How can backyard gardeners design gardens that will boost local and regional ecosystem resilience?

Most backyards have a lot of plants in them that aren't native, so those plants are essentially not functioning as part of the ecosystem. They might as well be plastic. The first thing to do is to identify the existing plants. Find out which plants are invasive, which ones are exotic and not invasive, and which ones are native. You can start by eliminating the ones that are a problem. This is especially important if you live near a park or a wildlife refuge, because exotic invasive plants spread and take over.

Next, identify the non-invasive exotics. You might want to leave some of those plants, because often they might form a large part of the look of the garden. When they die you can replant with natives. Some non-natives are just not attractive; those I would get rid of. Basically, take out what is invasive and unattractive and reintroduce beneficial native plants.

You can also remove some of the lawn area and replace that with native trees, shrubs, or herbaceous borders.

gardenPhoto providedOne of Summers’ demonstration gardens that show off plants that are indigenous to New York.

What are the benefits of native plants, in terms of creating habitat and managing water resources?

Some non-native plants were originally proposed for water control, but in fact because these plants tend to grow in monocultures, they wind up not being good for erosion control at all. The natural ecosystem of a prairie is one of the best examples of nature's sponges. The interlocking root systems of prairies hold the ground [together] because some roots go deep, some roots stay higher, some will spread out, and some will be tight and penetrating. The roots of a prairie work together, so there is no soil left untouched and those systems do not erode at all.

In a recent book, someone made the astonishing claim that Japanese knotweed is good for erosion control, but in fact it is not. People here in the Catskill Mountains are very upset about the Japanese knotweed, Polygonum cuspidatum, which has become invasive along trout streams. Because the roots of Japanese knotweed are so deep, the topsoil around that plant is actually eroding, leaving the banks of streams exposed to erosion. The knotweed blocks the ability of trees to grow and recolonize those sites to keep the brooks shaded. For survival, trout need clear running, shaded, cold streams, not sunny streams that are all muddied up.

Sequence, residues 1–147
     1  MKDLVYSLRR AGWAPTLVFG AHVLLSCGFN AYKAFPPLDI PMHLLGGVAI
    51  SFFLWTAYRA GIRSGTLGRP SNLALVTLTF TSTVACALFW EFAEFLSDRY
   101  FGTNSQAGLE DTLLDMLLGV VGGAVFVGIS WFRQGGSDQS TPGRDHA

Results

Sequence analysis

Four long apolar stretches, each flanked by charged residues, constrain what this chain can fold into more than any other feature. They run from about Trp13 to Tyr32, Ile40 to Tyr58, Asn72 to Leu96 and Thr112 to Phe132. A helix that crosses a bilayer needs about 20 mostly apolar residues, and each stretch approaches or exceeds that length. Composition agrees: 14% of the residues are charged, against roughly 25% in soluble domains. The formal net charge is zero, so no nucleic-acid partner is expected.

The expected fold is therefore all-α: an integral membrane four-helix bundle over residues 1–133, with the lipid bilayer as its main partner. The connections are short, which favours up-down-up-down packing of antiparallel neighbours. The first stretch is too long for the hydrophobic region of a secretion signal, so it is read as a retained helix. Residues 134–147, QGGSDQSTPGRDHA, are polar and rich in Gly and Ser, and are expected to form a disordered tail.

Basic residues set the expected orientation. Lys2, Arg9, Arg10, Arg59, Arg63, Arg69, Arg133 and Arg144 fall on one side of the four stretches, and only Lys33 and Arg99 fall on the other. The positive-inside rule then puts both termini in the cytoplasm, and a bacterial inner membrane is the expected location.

Are native plants readily available to backyard gardeners?

If enough people request native plants, local nurseries will respond.

We have had some success here bugging our local nurseries for native plants. For now, the availability of the plants is a problem. The fact is that nurseries and garden designers continue to pump out the same old exotic and invasive plants, but with different colored flowers. So much of the energy and expense of modern day horticulture is spent on working with these exotic plants. This is a real problem. Also, it is not easy for homeowners to understand which plants are native and which are non-native. There are two websites that I would recommend for information about native plants: One, the USDA Plants Database and, two, the Ladybird Johnson Wildflower Center.

What most inspires you as you continue your work?

There is the beauty of the plants themselves, seeing them bloom and working with the endless combinations of colors and textures.

And then there is the feedback from observing the immediate response of nature to what I'm doing. Several years ago here in the Catskills, I planted Dutchman's pipe, Aristolochia tomentosa, the host plant for the pipevine swallowtail butterfly, Battus philenor. Soon after, I found pipevine swallowtail caterpillars all over that vine. That was the first recorded sighting of this butterfly in Sullivan County. It was the most exciting thing.

The enthusiasm and encouragement that I get from both my students and from people across the country that have read my book truly inspires me. All of this is a reminder of how important native plant gardening is, not only for wildlife but for humans too.

Michele Hertz
Michele Hertz is an artist, sculptor, very enthusiastic gardener and an environmental activist.